The Southern Reach Trilogy by Jeff Vandermeer

The Southern Reach is a weird series of novels – part science fiction, part magical realism, part classic horror. I acquired the compilation volume so thankfully I was able to read all three of them in one go. I find the older I get the less patience I have for committing myself to entire trilogies.

That said, I did enjoy the clear tonal distinction between each of these books. Annihilation, certainly, could function as a standalone novel. Authority and Acceptance less so, but they still each have a tangibly different focus.

At the center of the stories, a mystery – a bizarre stretch of landscape where some unspeakable cosmic event took place, now quarantined by a government body. A series of expeditions sent in to attempt to study the area, with results ranging from unexplained death and disappearance to expedition members in zombie-like states of Zen upon returning.

When the novel first introduced Area X I started having very strong flashbacks to Boris and Arkady Strugatsky’s Roadside Picnic, and naturally, S.T.A.L.K.E.R. A bizarre thing has happened, but what exactly occurred is decidedly less important than the lasting effects of the event.

Vandermeer’s decision to withhold the names of most of his characters, having the reader know them instead by their job title, is one that I found really helpful for enforcing that focus on landscape. Characters have their own human dramas, definitely, but always within the larger context of an overarching biosphere of moving parts.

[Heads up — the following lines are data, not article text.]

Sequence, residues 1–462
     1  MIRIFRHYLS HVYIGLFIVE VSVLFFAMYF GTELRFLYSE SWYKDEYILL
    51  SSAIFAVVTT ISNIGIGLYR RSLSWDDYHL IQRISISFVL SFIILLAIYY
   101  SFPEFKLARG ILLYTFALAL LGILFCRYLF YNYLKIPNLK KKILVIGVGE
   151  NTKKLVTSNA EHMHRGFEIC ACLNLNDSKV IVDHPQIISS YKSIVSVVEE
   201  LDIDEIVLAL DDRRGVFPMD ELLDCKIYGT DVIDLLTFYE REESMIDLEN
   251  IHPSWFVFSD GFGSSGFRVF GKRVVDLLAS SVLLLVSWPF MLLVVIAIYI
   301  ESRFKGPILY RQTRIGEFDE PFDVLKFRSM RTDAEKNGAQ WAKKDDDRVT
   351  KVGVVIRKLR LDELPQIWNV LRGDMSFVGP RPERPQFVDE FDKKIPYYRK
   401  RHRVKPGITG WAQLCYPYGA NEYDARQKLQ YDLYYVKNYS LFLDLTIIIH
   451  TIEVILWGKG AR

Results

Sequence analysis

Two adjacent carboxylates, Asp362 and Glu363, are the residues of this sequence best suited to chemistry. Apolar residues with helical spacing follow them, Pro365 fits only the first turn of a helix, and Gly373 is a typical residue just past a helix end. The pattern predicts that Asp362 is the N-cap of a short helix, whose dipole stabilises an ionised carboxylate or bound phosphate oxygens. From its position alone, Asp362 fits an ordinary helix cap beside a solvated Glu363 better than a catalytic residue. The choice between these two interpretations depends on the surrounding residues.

So, Annihilation is incredibly creepy. I will freely confess that it kept me awake for several nights until I finally had to stop reading it before bed. I may startle easily, but it takes a lot to leave me genuinely uneasy in the way that this book did, so I have to give it major points for that alone.

I won’t tiptoe around the Lovecraftian aspects of the story. Spoiler alert: the events of Area X are not of this Earth. Possibly not of this dimension or universe. Indescribable cosmic horror unfolds in a way that’s more believable than most of the explicitly Lovecraftian fiction that I’ve come across.

The entire trilogy leans heavily into that uncertainty, that deep tension between being intensely curious about something, while understanding that you’re probably better off not knowing. There’s an unavoidable sense of despair, as well. Despair over relationships, despair over ones’ own mortality, the despair of realizing how truly powerless we all are.

I also have to say that I really enjoyed the way gender and sexuality was employed, (or, successfully ignored) by Vandermeer. Which is to say, gender dynamics are hardly a focal point, and I don’t want to reward mediocrity here, but I still feel the need to mention what a breath of fresh air it was to read a novel with so many believable, fully realized, uncompromised female characters (including the Main Character, at least in Annihilation.)